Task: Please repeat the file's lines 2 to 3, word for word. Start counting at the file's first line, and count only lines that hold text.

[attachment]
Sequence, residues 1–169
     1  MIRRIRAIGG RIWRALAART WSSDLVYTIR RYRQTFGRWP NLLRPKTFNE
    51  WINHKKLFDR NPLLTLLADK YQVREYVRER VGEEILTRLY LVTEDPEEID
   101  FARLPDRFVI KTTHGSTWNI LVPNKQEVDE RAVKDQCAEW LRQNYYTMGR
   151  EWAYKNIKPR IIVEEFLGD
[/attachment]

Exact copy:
     1  MIRRIRAIGG RIWRALAART WSSDLVYTIR RYRQTFGRWP NLLRPKTFNE
    51  WINHKKLFDR NPLLTLLADK YQVREYVRER VGEEILTRLY LVTEDPEEID